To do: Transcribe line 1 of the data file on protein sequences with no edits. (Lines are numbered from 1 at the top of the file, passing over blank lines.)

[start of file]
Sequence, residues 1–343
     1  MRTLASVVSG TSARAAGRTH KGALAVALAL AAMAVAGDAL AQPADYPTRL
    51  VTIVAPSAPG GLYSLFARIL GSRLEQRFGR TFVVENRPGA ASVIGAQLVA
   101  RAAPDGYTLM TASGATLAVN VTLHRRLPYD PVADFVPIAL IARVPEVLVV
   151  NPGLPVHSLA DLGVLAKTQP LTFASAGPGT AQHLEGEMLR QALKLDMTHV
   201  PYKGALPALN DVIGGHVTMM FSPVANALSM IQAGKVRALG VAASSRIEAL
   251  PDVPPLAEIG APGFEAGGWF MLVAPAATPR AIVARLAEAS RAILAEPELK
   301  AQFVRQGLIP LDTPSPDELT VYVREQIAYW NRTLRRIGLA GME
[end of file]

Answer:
Sequence, residues 1–343